business models that exist today some
take it away from something that might
be outdated now into the future and
and really use the technologies that we
have available in your opinion what’s
been
the biggest advantage to the metering
pump when it first hit the market to the
metering pump we have
today metering pumps today are
actually more than just a pump they’re
able to
see things around the system they can
detect system
changes with sensors and all the smart
technologies we we put in it like micro
controllers the way we program them per
pump to identify
what the pump can actually feed as far
as feed rate
so what we do is we can start
implementing things like these
algorithms and and and uh calculations
combined with a stepper motor technology
and the reason
we use step promoter is because we can
we can very precisely
control the movement of these stepper
motors there’s 200 steps between
rotational angles and these are very
small angles like 1.8 degrees
and then if we start stepping them down
even farther we can chop that up into
smaller chunks and get really precise
movement of that stepper motor
and one of the cool things is when you
actually tell the pump to speed up or
slow down
we can do that on the different suction
and discharge phases because of the
stepper motor
so we can we can say all right when you
go through a suction phase
let’s bring it back quickly because we
want to get back to putting chemical in
the process
and then when you take advantage of the
turndown ratio
we can start putting that in very slowly
which actually
reduces the need to install things like
variable speed
drives or static inline mixers
or pulsation dampeners because we’re now
reducing all the needs for those things
that we would normally
have to install them so we’re already
using a drive now because the pump we’re
able to take the speed of that motor and
adjust it depending on the suction and
discharge phase
and we don’t necessarily need a static
mixer because
we’re blending it we’re always injecting
chemistry in
instead of pulsing it in and then
waiting and slug feeding so
anytime you have a slug feeding
application where it’s just injecting
with a suction discharge
then waiting at a period of time then
you’re not getting a really good blend
so
but if you’re using a pump that can
slowly
push that chemistry into the line over
time then we’re constantly feeding the
chemicals
and then we quickly retract to get to
the next discharge phase
that’s something that’s unique and and a
stepper motor allows us to do that
with these pumps these days pulsations
also
are reduced so pulsation dampers are
actually quite expensive
pieces of uh of a system and if you’re
able to
uh on small levels i would say maybe
eight gallons or below eight gallons an
hour then
you might consider not actually needing
a pulsation dampener because
it’s not hitting the system really
really hard on a on that small of a
volume
um and the accuracy is still really
great with the pumps at that level and
you can again we’re getting the nice
blending
um reducing the shock of of chemistry
going into the system
uh because of the slow consistent feed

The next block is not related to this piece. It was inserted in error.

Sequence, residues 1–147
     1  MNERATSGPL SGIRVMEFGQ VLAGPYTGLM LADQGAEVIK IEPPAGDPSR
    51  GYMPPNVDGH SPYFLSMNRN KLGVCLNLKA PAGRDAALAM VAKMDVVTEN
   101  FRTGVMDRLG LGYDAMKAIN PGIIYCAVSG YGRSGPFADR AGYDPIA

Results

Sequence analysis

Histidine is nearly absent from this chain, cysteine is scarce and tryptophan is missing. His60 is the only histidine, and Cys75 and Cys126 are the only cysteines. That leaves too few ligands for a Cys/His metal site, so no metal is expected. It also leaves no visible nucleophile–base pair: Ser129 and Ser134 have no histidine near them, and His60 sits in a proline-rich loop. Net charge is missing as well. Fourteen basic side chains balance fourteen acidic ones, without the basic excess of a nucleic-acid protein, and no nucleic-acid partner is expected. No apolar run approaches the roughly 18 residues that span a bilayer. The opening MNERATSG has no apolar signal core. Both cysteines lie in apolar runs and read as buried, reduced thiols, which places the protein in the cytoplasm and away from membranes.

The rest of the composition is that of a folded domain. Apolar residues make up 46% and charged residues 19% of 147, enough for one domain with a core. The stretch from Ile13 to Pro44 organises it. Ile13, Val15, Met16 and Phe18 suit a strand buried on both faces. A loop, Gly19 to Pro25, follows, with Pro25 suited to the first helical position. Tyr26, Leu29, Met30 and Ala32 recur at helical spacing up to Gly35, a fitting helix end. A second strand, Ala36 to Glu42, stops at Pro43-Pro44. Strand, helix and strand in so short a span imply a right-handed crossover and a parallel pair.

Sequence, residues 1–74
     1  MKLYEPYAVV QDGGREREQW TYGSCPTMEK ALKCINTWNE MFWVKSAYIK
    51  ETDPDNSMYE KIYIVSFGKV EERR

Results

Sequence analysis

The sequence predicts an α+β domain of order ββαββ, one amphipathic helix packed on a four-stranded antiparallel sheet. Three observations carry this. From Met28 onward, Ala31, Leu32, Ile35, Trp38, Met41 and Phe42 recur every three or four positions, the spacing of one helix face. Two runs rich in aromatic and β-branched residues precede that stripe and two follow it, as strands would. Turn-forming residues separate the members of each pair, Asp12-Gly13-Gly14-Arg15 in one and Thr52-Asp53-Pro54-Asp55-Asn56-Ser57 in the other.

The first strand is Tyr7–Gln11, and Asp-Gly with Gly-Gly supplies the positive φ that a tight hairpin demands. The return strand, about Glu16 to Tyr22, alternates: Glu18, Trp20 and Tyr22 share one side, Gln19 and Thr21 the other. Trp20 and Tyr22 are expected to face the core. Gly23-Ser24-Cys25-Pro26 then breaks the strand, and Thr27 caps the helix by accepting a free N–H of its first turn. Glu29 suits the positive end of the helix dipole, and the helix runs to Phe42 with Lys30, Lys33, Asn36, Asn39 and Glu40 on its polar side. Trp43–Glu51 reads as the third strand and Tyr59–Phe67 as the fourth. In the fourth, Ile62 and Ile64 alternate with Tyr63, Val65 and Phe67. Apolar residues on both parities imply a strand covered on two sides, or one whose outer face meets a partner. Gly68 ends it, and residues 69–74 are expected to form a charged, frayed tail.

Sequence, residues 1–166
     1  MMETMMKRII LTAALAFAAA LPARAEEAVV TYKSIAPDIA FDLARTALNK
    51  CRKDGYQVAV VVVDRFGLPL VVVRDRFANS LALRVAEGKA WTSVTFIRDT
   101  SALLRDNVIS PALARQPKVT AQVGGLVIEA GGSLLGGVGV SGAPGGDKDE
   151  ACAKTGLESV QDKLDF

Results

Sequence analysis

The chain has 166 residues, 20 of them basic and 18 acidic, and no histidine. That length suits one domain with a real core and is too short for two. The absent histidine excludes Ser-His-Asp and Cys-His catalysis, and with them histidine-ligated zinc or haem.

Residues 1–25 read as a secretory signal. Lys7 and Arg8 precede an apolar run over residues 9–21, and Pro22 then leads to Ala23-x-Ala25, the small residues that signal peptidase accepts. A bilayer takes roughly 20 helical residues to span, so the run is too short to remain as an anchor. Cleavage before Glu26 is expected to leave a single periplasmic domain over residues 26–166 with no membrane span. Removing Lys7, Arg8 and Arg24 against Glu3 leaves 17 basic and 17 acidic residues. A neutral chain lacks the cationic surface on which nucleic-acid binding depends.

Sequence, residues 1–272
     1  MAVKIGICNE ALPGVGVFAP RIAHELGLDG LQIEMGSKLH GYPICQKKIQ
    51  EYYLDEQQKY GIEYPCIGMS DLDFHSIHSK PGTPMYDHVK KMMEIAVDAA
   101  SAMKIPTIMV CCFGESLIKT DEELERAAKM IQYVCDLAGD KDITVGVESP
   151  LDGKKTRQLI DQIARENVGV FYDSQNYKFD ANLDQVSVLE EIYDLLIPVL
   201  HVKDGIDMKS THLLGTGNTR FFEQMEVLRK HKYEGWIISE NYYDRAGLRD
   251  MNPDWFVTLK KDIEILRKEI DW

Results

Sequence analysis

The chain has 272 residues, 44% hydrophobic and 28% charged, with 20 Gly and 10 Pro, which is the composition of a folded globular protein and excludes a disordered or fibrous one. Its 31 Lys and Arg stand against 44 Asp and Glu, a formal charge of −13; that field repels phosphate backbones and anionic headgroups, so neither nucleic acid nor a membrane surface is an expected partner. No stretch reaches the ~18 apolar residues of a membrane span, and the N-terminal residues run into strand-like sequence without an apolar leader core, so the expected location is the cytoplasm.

rate that is offered
using a stepper motor type technology i
think that
when metering pumps first hit the market
it was more or less
a need to just move the chemical into
from point a to point b and now we’re
seeing it as more of a
a tool that can operate more pieces of
the process
it can not only move the chemistry but
can do it much more accurately
it can do it more reliably it can ensure
that there’s
safety measures in place to keep people
safe
ensure proper chemistry is happening and
then give feedbacks
alarms warnings it can tell us things
that’s happening around
the system so we can start to see this
working as almost a
on-site systems diagnostics expert which
i think is
really cool and then being able to tap
into that remotely and get that
information
and push information bi-directionally
it’s now allowing us to
remove pieces like plc’s and other
panels that would historically have had
to be used
and condense our our system into a
smaller footprint we’re able to use
the technology and intelligence in our
pumps to
have faster integration faster startup
simpler
integration into systems so in a way
it’s
we’re putting a lot of effort on the
front end to develop these products now
and by doing that it’s become much
easier
simpler and faster for the end users to
implement
so if you haven’t upgraded your pump in
the past 40 years you might want to take
a look
i think that’s a very wise decision
let’s talk about installation because we
can have the best
metering pump in the world but if it’s
not installed properly it’s not going to
work properly and then of course that’s
going to give
us problems which means we’re going to
call you and give you problems so you
now have the entire scaling up nation
listening what are some considerations
that we need
to make to make sure that we’re
installing
these devices properly yes so the the
biggest thing
and one of the weirdest things i’ve seen
is has to do with on the installation of
the suction
line coming into the pump
i’ve seen and you’re probably familiar
with not just the dosing pumps but this
like a
complete dosing system so there’s uh
basically it could be two pumps or three
pumps on a skid and then
a control panel or valves and such so
what i’ve seen in the past is as a
problem is
you’ll have like a a pump that requires
and this will come from the manufacturer
by the way they’ll say that their
requirement on the suction
and the discharges may be an inch pipe
or a three quarters of inch pipe
but if you have a header on the suction
side feeding
multiple systems that both require that
that that